Pioneering family drama Coda has gone from a low budget festival film to best picture at the Oscars, marking a milestone as AppleTV+ becomes the first-ever streamer to win the award.
The heart-warming movie, directed by Sian Heder, also triumphed at the Sundance Film Festival, where it won top prize and became the biggest acquisition in the festival’s history after Apple TV+ picked it up for 25 million US dollars.
But its road to Oscar glory was far from assured thanks to an early-in-the-year release on to a smaller streaming service in the midst of the Covid pandemic.
The film stars Emilia Jones as Ruby, the child of deaf adults (Coda), and deaf performers Troy Kotsur, Marlee Matlin and Daniel Durant, as her fisherman family.
It made history as the first film with a primarily deaf cast to win top prize at the Screen Actors Guild (SAG) awards, while Kotsur added another historical milestone as he becomes the first deaf male actor to win the Oscar, following his success at the 94th awards ceremony.
He dedicated his Oscar to “the deaf community, the Coda community and the disabled community”, adding: “This is our moment”.
The actor appeared overwhelmed as he made his way to the Oscars stage accompanied by his interpreter, who has been a regular fixture throughout his awards season journey, where he has picked up a string of gongs.
Addressing director Heder on stage, he said: “You are our bridge and your name will forever be on that bridge Sian Heder bridge in Hollywood.”
He added: “My dad he was the best signer in our family, but he was in a car accident and he became paralysed from the neck down and he was no longer able to sign.
“Dad, I learnt so much from you I’ll always love you, you are my hero. Thank you to my biggest fans.
“I just want to say this is dedicated to the deaf community, the Coda community and the deaf community. This is our moment.”
Kotsur credits his career with the impact he felt when he watched his Coda co-star Matlin win the best actress Oscar in 1987 for her role in Children Of A Lesser God, the first deaf performer ever to win an Academy Award.
He has also spoken of his gratitude that she championed his casting in the film they made together, which has garnered him best supporting actor wins at Sag, Bafta, the Critics’ Choice Awards and the Independent Spirit Awards.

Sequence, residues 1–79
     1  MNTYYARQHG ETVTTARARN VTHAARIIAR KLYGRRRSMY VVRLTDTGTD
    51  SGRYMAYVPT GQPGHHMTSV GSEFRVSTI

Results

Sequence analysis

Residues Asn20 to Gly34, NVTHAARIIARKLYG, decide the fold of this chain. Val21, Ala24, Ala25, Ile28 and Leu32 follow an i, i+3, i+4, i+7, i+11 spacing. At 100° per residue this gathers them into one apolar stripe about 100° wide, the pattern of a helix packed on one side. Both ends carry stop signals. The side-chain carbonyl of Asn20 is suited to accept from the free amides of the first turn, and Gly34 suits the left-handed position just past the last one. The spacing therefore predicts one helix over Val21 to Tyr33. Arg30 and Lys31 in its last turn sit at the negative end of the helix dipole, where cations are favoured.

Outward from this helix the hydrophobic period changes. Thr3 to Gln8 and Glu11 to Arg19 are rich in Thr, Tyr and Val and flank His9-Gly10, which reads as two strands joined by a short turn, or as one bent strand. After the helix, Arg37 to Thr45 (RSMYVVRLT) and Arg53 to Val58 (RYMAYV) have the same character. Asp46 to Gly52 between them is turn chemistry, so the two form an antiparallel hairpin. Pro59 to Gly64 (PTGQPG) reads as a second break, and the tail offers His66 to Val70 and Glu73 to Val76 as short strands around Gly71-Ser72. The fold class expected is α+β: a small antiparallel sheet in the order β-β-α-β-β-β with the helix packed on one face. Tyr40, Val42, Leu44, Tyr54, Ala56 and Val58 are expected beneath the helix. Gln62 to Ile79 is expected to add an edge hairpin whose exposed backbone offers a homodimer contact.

He won both the CCA and Bafta on the same night on March 13.
Kotsur previously said felt like an “outsider” in the acting world and had to fight to land parts over hearing stars.
“I auditioned for the role and about two years later, it came forward with an offer,” he told the PA news agency.
“It took so long because behind the scenes they were arguing over who would play the role of Frank Rossi and concerns.
“I’m so grateful to our director, Sian Heder, and Marlee Matlin who really had to fight for that authenticity, and the producers who supported this project and made sure that we would get to this point, and that really made a difference.”
Oscar watchers had long tipped Jane Campion’s western The Power Of The Dog as the likely winner of the best picture prize but it became apparent that Coda could provide a spoiler when the Producers Guild named it best picture earlier this month.
The film, adapted by Heder as an English-language remake of the 2014 French-language film La Famille Belier, also won the best adapted screenplay Oscar.
It follows Ruby Rossi, the only hearing member of her family, as she struggles to balance high-school and assisting with the family fishing business.
Her passion for singing leads her to join the school choir, tutored by her eccentric mentor Mr Villalobos, played by Eugenio Derbez, who encourages her to audition for Berklee College Of Music.
Heder has said working on the film had been “life-changing” and hopes to make her career about being an ally to the deaf community.
Following the ceremony, Mike Hobday, head of policy and campaigns at the National Deaf Children’s Society, hailed the impact of the film on young people.
He said: “Congratulations to the cast and crew of the film Coda on scooping three Oscars at this year’s ceremony, including best picture, and to Troy Kotsur on winning best supporting actor.
“It’s important that deaf children and young people see themselves represented in movies and on TV. We’ve seen some great examples of this in recent years and we hope this trend continues.
“Troy’s success will show deaf children and young people that they are not alone, and will do even more to inspire the next generation.”